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Airline Division Business Agents Meet to Burnish Skills, Share Best Practices

Last week, business agents representing mechanics, pilots, customer service representatives and  other occupations met at the International Brotherhood of Teamsters Headquarters in Washington, D.C., for a three-day training. During the training, a number of important topics were discussed.

Deirdre Hamilton from the IBT Legal Department took the lead on organizing the three-day seminar.

“This arose out of numerous discussions about the specialized nature of representing workers in airline industry; we wanted to put together program that 100 percent spoke to those issues,” Hamilton said. “One of the trainings that I particularly enjoyed was our discussion on organizing under the RLA. There are a number of circumstances where it isn’t immediately clear whether the RLA or the NLRA applies to a bargaining unit, and we discussed the steps that need to be taken to determine that. We want everyone to know that no matter what law the workers are covered under, the IBT is very happy to organize all the workers we can and want everyone to make sure they have tools and resources to do just that.”

“It seemed to make sense to get all of this knowledge together in one place,” said Nick Manicone, another one of the union’s  attorneys for the Airline Division. “Whether it be bargaining, contract enforcement, issues we’re having at particular sectors or carriers; I think there’s a lot that can be learned from one another in regards to what’s going on at our different properties.”

There were a number of sessions covering the legal processes a business agent is expected to encounter. They included: the Grievance Process, led by International Representative Chris Moore and Southern Region Representative Iliana Flores; the System Board of Adjustment, led by Deirdre Hamilton and International Representatives Bob Fisher and Paul Alves; Arbitration, led by Nick Manicone and IBT Attorney Matt Harris; and Mergers and Seniority Integration, led by Deirdre Hamilton and International Representative Rick Dubinsky.

In addition to these sessions with everyone from the division present, the business agents also participated specialty break-out sessions to discuss topics that are specific to representing pilots, technicians, and customer service representatives. These sessions were led by National Coordinator for Customer Service and Flight Attendants Kim Barboro, National Coordinator for Mechanics and Related Vinny Graziano, and International Representatives Scott Hegland, Chris Moore and Rick Dubinsky. An overview of the Railway Labor Act (RLA) was also covered, as well as how to organize and bargain under the law. These sessions were led by the IBT Legal Department, Chris Moore, Deputy Organizing Director Kim Keller, and Kyle Schoembs from the IBT’s Economics and Contracts Department. Business Agents viewed presentations by the departments of Communications, Training and Development, Strategic Research and Campaigns and Affiliate Bookkeeping Systems regarding the various resources the International Union has to offer to locals across the country.

At one point, General Secretary-Treasurer Ken Hall addressed the class and spoke with them about the importance the work Business Agents do. General President James P. Hoffa and Airline Division Director Captain David Bourne also met with the attendees afterwards to thank them for everything they do for the union.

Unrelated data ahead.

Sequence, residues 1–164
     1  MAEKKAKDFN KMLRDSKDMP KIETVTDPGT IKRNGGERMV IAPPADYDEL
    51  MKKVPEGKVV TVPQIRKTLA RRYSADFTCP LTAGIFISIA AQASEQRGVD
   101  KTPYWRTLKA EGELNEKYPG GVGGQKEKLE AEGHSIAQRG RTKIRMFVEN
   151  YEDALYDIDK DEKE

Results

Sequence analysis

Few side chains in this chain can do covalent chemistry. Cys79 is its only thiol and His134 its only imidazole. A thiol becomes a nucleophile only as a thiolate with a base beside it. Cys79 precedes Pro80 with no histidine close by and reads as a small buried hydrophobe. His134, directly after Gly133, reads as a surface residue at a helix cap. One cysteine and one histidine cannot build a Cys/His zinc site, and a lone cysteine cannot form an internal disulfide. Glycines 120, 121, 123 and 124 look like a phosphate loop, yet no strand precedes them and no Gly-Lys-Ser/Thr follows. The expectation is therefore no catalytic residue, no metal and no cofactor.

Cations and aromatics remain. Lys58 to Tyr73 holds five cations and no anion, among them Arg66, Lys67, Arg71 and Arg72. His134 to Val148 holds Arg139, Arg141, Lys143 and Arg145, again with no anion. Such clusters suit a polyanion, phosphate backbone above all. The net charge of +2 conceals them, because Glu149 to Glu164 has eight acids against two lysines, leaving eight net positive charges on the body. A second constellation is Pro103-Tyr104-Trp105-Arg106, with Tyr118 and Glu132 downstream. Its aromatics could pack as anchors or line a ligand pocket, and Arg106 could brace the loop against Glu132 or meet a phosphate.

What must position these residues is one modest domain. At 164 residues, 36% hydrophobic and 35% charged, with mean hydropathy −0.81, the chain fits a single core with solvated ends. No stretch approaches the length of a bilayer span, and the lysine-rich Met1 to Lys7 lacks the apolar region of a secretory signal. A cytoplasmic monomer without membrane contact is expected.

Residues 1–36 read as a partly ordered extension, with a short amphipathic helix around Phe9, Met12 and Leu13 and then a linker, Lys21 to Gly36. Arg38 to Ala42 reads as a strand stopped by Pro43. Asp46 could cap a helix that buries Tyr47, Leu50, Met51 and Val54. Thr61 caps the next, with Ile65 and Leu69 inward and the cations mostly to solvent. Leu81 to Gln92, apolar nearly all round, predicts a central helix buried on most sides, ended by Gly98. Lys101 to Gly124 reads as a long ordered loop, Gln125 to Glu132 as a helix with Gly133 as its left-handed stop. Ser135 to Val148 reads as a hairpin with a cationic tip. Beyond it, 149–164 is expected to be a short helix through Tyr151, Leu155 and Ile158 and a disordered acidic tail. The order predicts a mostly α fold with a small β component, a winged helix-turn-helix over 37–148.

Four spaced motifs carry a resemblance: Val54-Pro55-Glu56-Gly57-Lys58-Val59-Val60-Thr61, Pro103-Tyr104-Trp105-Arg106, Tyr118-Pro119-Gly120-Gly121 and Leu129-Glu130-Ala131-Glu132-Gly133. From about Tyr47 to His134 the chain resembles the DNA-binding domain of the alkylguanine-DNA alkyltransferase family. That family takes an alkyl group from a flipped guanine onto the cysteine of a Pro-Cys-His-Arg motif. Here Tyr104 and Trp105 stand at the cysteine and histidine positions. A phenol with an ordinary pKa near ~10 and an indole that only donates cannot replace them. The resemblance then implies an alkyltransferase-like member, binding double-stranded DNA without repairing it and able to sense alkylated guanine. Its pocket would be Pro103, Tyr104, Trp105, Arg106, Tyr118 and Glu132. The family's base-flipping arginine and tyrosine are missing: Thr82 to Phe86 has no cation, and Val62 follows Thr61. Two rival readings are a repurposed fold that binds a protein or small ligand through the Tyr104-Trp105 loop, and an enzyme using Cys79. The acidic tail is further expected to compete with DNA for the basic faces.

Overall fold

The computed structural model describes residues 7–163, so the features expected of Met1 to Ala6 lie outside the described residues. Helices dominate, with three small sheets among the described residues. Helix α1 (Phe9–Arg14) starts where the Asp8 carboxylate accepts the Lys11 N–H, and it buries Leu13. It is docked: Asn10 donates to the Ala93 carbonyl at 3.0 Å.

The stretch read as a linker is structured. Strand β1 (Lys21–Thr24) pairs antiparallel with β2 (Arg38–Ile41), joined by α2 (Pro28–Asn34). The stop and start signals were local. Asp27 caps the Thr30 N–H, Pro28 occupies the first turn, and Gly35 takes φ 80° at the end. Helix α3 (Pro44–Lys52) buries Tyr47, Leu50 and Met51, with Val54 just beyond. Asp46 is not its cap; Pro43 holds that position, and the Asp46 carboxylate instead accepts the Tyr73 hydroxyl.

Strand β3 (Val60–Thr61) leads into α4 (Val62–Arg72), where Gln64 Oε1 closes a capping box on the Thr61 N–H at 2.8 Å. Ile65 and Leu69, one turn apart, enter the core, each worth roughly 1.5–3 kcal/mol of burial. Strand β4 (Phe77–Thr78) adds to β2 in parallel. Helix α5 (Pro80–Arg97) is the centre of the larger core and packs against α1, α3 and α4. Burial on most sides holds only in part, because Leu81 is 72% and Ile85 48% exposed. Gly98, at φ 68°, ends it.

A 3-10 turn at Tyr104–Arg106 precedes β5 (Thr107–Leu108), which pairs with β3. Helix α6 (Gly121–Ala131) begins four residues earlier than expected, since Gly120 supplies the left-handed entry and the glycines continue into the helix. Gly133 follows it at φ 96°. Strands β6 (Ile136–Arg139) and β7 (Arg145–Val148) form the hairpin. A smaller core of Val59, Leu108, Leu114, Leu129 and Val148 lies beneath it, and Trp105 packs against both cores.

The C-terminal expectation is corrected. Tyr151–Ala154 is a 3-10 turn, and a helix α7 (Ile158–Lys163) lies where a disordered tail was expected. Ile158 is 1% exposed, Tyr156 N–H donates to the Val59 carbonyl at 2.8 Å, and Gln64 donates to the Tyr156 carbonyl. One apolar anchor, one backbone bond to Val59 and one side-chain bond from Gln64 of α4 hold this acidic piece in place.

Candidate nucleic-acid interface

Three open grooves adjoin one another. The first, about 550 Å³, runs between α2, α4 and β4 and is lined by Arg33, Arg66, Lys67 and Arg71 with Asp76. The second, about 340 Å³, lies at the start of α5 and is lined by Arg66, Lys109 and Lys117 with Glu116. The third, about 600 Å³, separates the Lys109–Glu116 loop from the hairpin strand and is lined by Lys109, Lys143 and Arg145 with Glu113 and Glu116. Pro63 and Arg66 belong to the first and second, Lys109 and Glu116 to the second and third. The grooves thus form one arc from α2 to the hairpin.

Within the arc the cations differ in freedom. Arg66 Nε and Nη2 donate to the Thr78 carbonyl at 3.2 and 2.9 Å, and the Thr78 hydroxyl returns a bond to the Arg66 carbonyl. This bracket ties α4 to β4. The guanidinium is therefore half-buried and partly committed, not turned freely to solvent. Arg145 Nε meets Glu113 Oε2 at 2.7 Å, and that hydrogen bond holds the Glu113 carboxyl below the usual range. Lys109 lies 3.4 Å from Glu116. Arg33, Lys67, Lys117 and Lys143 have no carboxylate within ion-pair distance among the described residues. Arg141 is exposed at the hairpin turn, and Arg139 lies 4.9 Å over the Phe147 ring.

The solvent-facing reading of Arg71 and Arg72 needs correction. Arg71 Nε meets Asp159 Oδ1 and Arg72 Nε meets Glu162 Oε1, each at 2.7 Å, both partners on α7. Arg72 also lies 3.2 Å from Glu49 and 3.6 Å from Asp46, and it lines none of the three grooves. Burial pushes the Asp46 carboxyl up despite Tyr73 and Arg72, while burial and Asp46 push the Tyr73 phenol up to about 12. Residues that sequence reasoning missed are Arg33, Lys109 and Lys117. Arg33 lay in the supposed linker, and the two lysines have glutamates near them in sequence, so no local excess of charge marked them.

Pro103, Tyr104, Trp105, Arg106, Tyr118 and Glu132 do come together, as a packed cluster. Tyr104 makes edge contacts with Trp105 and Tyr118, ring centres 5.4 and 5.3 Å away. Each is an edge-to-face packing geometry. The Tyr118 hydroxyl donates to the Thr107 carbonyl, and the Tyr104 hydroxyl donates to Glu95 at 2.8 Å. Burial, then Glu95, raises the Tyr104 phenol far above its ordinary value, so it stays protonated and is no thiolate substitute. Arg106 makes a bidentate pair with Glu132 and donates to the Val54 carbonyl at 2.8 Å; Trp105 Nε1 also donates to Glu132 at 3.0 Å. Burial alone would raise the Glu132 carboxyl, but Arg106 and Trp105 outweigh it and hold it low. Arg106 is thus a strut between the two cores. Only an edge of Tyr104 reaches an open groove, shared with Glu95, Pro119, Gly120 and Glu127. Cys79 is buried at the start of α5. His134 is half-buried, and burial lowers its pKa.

“It's great to have leadership from all of our represented crafts – pilots, technicians, customer service representatives, and all other related positions – together for this event,” Bourne said. “Trainings like this allows us to share our experiences and help us to better represent our members. I want to thank all of the business agents for their hard work, which continues to make the Teamsters Airline Division the best possible representation for workers in the airline industry.”

During the session on the grievance process, Moore and Flores led a discussion with the group on everything that happens from the time a grievance is filed until it’s settled. Flores asked the classroom at what point it was necessary to bring a business agent into the grievance process. Teamsters Local 986 Business Agent Clacy Griswold noted that there were two important considerations to take into account when deciding to get involved in a grievance: what the contract states, and what practices you have in place as a local.

“All of the contracts are different, so there is often different language for when and to what capacity the business agent is involved in the grievance with the company,” Griswold said. “There is language in the United Airlines contract that is specific as to when a business agent gets involved in a grievance. The other piece to it is that as a local, representing different groups, there’s different ways of doing it that you set up yourselves. When you’ve got a bargaining unit of 3,000 people, the business agent can’t be involved in every single grievance from the outset, but in smaller groups, you should get involved as soon as possible.”

Teamsters Local 284 President Mark Vandak serves as a business agent for workers at NetJets, where they ratified a new six-year collective bargaining agreement last month.

“I think the best thing that’s coming out of this is we’re all learning each other’s best practices,” Vandak said. “Walking through these processes, making sure your stewards know everything they need to know, it’s really important, and I’m glad we had the opportunity to do this training. I’ve learned a lot.”

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